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  • Lyla Ashburn

Kitty Post: Paws and Paintbrushes

Cat and Kittens, by Anonymous, c. 1872-83

Paws and Paintbrushes

In the vast gallery of human creativity, few subjects have captured the imagination quite like cats. From the sacred temples of ancient Egypt to the avant-garde studios of modern art, felines have prowled through history as both muse and masterpiece, leaving their indelible mark on the canvas of culture.

In the land of the pharaohs, cats reigned supreme as symbols of divine grace and protection. Revered as sacred beings, they were immortalized in hieroglyphs, sculptures, and tomb paintings, embodying the essence of mystery and majesty that captivated the ancient world.

But as civilizations rose and fell, the perception of cats took a darker turn in medieval Europe. Associated with witchcraft and superstition, they became both feared and revered, lurking in the shadows of illuminated manuscripts and haunting the tapestries of folklore with their enigmatic presence.

Yet, as the dawn of the Renaissance illuminated the minds of artists, cats emerged from the shadows to bask in the light of creative genius. Leonardo da Vinci, Albrecht Dürer, and Diego Velázquez immortalized their elegance and allure in masterpieces that adorned the halls of kings and nobles.

In the romantic glow of the 19th century, cats found new companionship among bohemian artists and literary luminaries. Edgar Allan Poe penned tales of feline intrigue, while Édouard Manet immortalized them in strokes of impressionistic beauty, evoking a sense of mystery and longing in their gaze.

And as the 20th century unfolded, cats leaped from canvas to silver screen, from Picasso’s surreal sculptures to Louis Wain’s whimsical illustrations. They became icons of pop culture, starring in films, gracing the pages of magazines, and adorning the walls of galleries with their timeless charm.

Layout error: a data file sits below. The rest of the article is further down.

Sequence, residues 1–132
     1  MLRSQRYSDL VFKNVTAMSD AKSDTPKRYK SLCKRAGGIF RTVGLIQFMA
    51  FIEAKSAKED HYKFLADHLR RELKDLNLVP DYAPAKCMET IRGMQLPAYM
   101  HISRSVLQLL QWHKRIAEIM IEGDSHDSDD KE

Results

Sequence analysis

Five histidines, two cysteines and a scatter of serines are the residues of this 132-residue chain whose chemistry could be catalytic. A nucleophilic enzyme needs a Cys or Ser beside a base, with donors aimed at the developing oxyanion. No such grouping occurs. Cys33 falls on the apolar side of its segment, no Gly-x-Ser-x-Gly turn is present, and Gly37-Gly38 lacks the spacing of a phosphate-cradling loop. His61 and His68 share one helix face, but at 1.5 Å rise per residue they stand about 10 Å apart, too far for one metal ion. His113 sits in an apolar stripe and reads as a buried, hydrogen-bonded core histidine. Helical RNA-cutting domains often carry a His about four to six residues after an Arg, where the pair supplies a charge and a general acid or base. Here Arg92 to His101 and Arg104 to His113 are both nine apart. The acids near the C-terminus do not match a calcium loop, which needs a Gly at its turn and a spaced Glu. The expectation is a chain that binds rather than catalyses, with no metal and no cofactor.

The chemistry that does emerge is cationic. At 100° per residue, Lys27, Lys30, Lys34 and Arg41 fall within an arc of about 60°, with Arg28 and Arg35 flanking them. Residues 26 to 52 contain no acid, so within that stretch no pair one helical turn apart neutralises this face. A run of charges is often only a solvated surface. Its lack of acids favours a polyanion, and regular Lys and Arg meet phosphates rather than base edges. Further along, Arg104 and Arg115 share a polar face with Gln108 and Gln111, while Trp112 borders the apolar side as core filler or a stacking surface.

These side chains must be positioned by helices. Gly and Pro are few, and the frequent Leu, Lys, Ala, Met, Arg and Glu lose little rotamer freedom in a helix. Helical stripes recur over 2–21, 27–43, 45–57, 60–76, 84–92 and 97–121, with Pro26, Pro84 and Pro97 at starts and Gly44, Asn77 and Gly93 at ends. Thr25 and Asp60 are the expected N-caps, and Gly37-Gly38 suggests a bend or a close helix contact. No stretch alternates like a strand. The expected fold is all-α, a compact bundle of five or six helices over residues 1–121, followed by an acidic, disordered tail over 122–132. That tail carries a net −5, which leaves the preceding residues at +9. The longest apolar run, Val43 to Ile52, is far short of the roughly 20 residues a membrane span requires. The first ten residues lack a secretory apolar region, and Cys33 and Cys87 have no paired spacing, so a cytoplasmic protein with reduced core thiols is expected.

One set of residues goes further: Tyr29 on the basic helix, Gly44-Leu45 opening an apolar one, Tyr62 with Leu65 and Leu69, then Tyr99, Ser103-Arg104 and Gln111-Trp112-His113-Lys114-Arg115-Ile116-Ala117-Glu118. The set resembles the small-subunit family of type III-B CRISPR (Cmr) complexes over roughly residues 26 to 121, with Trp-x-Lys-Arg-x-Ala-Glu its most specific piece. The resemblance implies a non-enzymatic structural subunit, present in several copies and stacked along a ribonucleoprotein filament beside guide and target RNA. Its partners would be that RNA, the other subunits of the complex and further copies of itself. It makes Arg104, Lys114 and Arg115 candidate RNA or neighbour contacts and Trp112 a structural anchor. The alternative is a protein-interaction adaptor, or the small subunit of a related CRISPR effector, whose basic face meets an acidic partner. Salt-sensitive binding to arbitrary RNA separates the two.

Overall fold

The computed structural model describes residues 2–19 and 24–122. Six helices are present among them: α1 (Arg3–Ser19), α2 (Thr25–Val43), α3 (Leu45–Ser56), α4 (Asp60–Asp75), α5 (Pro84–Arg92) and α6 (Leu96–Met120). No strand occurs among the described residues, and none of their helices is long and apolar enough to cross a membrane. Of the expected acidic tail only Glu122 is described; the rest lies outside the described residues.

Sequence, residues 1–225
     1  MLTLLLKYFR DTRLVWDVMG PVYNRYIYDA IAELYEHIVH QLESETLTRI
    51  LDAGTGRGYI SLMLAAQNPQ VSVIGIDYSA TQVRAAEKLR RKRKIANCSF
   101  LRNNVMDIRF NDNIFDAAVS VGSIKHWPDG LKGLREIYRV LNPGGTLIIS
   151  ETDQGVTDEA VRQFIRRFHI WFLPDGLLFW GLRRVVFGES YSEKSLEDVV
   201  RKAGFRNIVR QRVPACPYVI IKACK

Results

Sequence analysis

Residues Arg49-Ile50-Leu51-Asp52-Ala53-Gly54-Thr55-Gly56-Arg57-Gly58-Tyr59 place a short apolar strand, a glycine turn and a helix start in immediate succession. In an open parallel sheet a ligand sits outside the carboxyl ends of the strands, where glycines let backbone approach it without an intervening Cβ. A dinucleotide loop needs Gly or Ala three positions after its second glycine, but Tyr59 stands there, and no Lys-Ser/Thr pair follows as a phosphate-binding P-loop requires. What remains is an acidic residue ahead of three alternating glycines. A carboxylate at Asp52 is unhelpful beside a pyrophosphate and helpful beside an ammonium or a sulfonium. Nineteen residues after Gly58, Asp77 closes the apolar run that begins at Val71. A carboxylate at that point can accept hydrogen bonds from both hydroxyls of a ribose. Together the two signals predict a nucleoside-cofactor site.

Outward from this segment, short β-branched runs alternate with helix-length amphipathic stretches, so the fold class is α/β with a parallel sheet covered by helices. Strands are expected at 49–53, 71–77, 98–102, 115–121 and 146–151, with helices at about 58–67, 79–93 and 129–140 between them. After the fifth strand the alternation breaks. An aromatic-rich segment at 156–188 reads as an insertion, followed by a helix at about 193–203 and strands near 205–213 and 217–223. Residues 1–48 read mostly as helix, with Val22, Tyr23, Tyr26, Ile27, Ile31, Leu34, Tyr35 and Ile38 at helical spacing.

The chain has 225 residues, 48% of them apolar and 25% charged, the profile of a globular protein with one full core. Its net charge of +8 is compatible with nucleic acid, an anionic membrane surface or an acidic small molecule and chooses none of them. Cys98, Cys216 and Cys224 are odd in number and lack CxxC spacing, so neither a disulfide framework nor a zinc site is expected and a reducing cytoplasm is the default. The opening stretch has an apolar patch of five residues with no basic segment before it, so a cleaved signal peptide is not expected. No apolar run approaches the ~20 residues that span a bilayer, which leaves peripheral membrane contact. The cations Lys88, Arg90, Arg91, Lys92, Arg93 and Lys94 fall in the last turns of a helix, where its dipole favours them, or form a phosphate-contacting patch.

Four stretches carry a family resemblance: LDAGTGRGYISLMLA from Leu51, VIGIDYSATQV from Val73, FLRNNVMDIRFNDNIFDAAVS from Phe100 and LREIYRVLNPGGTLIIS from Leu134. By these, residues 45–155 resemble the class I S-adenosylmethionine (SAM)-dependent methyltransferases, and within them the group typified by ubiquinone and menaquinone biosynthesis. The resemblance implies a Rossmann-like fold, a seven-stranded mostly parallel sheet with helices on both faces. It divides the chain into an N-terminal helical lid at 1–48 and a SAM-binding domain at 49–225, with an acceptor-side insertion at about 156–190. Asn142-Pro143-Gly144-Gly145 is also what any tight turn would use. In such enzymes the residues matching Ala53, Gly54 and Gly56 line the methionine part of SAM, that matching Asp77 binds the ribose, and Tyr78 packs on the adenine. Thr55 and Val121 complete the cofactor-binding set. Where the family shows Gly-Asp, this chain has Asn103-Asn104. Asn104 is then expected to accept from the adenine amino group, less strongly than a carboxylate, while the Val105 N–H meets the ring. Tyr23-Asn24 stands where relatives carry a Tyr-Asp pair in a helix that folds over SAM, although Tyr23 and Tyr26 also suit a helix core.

In the grand tapestry of human history, cats have woven themselves into the very fabric of our imagination, their graceful forms and inscrutable eyes inspiring wonder, awe, and endless fascination. So let us raise our glasses to these feline muses, for they remind us that in the dance of creativity, there is always room for a purr-fect companion.


It’s kitten season: consider fostering

            Beltsville Community Cats (BCC) took in a record number of kittens this spring, and they keep coming in. As a result, BCC desperately needs more foster homes where these kittens can experience living indoors and be socialized to pets and people. If you love cats but aren’t ready for the long-term commitment of pet ownership, consider fostering. With love and patience, kittens 10 weeks old and younger can be transformed into wonderful pets. Foster provides a life-saving experience for the kittens, and a life-changing experience for you!

Contact BCC (240-444-8353 or to learn more about fostering and other volunteer opportunities. Call BCC if you see a free-roaming cat in Beltsville that is not ear-tipped. Cats in this area can have two to three litters a year, and kittens as young as 4 to 6 months can get pregnant. Help BCC reduce the number of kittens born outside.

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